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Lewis Mumford’s work Technics and Civilization is a flawed work, but a joy to read. Especially this paragraph about the invention of the clock as the herald of the industrial age:

The clock […] is a piece of power-machinery whose “product” is seconds and minutes: by its essential nature it dissociated time from human events and helped create the belief in an independent world of mathematically measurable sequences: the special world of science. There is relatively little foundation for this belief in common human experience: throughout the year the days are of uneven duration, and not merely does the relation between day and night steadily change, but a slight journey from East to West alters astronomical time by a certain number of minutes. In terms of the human organism itself, mechanical time is even more foreign: while human life has regularities of its own, the beat of the pulse, the breathing of the lungs, these change from hour to hour with mood and action, and in the longer span of days, time is measured not by the calendar but by the events that occupy it.

Here it takes a nostalgic turn, followed by a nauseating juxtaposition of mechanical and organic time that makes more sense if you take into account that Mumford was a staunch moralist and that Technics and Civilization was originally supposed to be a cultural critique:

The shepherd measures from the time the ewes lambed; the farmer measures back to the day of sowing or forward to the harvest: if growth has its own duration and regularities, behind it are not simply matter and motion but the facts of development: in short, history. And while mechanical time is strung out in a succession of mathematically isolated instants, organic time–what Bergson calls duration–is cumulative in its effects. Though mechanical time can, in a sense, be speeded up or run backward, like the hands of a clock or the images of a moving picture, organic time moves in only one direction–through the cycle of birth, growth, development, decay, and death–and the past that is already dead remains present in the future that has still to be born.[1]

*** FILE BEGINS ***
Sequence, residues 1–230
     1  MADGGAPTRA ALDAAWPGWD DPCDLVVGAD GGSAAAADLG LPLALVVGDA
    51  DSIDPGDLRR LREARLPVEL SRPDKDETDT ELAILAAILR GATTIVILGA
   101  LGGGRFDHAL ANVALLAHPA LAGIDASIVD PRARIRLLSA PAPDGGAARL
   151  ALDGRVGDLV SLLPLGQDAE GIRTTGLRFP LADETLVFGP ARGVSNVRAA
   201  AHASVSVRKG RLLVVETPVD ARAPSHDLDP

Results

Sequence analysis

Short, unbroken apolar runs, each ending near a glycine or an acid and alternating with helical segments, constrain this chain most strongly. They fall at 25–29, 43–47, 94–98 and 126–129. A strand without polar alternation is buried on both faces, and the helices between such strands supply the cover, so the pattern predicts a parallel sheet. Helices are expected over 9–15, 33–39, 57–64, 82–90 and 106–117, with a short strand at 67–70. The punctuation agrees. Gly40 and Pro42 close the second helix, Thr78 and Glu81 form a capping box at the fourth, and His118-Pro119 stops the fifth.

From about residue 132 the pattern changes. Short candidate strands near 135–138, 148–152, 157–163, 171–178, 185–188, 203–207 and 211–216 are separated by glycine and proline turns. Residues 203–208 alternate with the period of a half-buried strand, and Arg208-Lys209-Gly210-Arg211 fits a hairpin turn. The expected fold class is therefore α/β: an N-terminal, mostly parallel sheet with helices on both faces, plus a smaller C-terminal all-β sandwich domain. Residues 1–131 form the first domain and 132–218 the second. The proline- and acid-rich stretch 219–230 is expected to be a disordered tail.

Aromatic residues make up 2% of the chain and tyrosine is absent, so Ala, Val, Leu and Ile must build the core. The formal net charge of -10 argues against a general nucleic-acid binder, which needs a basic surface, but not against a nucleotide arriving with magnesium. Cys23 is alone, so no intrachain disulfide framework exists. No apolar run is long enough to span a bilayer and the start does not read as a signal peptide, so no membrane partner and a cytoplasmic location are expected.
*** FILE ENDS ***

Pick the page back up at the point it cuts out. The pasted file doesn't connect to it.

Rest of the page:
As Rosalind Williams notes, “[Mumford’s] tripartite scheme, his personification of life as an historical agent, and his organic moralism lead Mumford into all sorts of confusion about historical change.”[2] In spite of its flaws, it remains a classic and an influential book in the history of technology.

[1] Lewis Mumford, Technics and Civilization (1934; Chicago, 2010), 15-6.
[2] http://rosalindwilliams.com/historiography/classics-revisited-lewis-mumfords-technics-and-civilization/ (Visited on August 6th 2012). Note: a very interesting critique on Technics and Civilization, worth a read.